Forman developed a desire to be a director when he saw what directors would do with his scripts. His style was influenced by elements of cinéma vérité and his early films Black Peter (Černý Petr), Loves of a Blonde (Lásky jedné plavovlásky), and The Fireman’s Ball (Hoří, má panenko) made him a leader of the Czech New Wave, an artistic movement of the 1960s hailed as the “golden era” of Czechoslovakia’s cinematic history. Trademarks of the movement included long unscripted dialogue, dark and absurd humor, and the casting of nonprofessional actors. A frequent feature of the films was an interest in the concerns of ordinary people, particularly when faced with historical or political challenges. The core of the new wave was made up of recent graduates of the Film and Television Academy of the Performing Arts (FAMU) in Prague and defined by a relatively small group of directors who made their debuts in or around 1963, including Jiří Menzel whose film Closely Watched Trains (Ostře sledované vlaky) won an Academy Award for Best Foreign Picture and Věra Chytilová who is best known for her film Daisies.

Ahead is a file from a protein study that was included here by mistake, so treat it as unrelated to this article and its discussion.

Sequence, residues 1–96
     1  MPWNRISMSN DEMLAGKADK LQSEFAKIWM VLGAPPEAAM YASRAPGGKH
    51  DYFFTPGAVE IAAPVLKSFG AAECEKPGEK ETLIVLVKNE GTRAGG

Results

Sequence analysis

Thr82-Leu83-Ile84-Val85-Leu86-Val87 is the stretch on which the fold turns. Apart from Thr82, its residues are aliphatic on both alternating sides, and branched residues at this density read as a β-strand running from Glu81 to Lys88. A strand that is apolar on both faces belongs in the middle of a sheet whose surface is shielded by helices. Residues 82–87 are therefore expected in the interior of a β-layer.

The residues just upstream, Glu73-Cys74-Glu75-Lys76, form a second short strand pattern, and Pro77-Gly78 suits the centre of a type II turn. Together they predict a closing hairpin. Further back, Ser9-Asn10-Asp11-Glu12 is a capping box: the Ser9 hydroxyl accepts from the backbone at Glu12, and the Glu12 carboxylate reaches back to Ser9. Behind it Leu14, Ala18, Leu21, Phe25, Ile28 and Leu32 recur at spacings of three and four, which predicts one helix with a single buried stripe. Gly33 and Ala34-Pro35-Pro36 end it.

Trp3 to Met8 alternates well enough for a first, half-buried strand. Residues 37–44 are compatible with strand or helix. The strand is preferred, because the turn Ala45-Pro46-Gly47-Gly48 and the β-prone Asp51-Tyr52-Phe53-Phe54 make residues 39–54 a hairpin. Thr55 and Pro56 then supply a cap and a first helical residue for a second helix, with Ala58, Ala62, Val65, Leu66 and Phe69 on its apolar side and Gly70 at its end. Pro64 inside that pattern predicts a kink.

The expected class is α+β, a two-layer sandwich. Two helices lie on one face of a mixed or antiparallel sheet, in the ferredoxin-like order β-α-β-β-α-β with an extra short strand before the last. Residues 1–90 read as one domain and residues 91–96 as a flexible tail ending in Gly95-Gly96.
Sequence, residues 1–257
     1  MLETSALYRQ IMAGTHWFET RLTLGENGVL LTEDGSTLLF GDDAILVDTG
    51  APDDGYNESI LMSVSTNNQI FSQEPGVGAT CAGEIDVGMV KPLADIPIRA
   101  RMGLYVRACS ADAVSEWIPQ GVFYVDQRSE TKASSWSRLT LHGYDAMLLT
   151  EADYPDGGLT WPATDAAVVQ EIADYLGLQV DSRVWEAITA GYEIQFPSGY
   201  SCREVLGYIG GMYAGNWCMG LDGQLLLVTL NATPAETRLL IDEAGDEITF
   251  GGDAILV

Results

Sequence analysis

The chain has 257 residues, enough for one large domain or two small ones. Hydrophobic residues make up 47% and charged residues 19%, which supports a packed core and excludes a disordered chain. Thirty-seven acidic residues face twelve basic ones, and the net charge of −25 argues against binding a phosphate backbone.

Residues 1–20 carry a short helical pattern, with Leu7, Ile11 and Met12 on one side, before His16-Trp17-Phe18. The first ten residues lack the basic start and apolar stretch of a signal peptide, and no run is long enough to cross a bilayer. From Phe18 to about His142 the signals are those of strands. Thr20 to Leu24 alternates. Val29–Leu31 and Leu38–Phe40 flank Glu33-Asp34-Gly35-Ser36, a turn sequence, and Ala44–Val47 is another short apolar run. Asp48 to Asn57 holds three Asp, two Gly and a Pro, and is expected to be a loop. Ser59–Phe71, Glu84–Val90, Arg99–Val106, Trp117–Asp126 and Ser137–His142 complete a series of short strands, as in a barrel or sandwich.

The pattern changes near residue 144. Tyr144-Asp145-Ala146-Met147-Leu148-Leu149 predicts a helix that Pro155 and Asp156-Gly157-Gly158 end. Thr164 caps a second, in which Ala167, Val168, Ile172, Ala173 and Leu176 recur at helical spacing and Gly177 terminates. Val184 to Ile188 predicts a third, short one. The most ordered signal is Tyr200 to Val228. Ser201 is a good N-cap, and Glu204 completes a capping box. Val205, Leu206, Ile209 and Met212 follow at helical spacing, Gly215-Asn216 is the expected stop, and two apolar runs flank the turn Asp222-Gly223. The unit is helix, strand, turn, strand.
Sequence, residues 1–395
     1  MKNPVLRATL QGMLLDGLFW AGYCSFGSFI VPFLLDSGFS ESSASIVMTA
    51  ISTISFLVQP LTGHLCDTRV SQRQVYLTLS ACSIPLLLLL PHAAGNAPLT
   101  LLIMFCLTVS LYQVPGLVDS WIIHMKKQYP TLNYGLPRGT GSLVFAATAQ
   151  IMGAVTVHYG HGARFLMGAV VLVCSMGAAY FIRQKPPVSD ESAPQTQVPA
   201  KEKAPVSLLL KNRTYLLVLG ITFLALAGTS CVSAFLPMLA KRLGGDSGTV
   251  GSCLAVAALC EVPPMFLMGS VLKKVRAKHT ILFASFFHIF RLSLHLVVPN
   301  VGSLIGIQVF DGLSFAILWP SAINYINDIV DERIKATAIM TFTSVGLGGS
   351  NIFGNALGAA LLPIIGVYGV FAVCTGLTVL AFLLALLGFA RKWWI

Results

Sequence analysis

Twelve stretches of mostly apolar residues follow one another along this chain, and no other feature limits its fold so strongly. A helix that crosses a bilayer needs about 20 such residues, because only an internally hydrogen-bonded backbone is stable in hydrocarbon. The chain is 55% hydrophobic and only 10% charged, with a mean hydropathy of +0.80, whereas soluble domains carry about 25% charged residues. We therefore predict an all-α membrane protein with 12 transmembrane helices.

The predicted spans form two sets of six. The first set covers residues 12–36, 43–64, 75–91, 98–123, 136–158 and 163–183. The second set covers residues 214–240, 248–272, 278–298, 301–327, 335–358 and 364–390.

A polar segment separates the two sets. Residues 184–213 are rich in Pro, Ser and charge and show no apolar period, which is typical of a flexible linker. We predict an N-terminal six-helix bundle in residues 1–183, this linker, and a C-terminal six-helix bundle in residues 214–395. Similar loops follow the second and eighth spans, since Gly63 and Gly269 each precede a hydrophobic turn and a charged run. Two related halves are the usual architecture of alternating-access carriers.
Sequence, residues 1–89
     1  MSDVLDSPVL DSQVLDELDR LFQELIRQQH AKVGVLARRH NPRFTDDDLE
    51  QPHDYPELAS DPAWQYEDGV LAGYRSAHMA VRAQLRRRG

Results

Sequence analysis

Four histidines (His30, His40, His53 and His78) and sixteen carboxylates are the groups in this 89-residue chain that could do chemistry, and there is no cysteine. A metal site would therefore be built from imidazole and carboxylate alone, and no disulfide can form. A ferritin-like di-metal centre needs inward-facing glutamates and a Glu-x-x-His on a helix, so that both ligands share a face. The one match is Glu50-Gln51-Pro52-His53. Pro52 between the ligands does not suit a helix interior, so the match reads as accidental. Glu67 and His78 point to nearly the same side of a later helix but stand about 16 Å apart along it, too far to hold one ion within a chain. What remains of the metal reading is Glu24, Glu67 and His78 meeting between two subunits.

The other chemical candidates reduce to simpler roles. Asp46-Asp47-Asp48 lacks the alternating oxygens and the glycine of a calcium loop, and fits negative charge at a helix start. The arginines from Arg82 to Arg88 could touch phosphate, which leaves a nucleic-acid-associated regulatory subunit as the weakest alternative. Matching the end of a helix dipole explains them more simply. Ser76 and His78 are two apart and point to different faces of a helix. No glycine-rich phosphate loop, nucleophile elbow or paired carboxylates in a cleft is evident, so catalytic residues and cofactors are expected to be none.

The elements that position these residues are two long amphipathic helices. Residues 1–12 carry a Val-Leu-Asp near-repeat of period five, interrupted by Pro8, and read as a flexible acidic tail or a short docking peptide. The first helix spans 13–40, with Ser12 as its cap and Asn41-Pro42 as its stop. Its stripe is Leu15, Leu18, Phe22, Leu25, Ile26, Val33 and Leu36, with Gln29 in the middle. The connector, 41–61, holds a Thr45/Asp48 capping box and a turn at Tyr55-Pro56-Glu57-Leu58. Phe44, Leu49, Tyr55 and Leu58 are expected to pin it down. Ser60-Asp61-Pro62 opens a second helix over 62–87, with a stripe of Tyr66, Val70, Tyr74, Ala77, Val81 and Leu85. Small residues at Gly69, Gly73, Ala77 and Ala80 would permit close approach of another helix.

Photo courtesy of Jaromír Komárek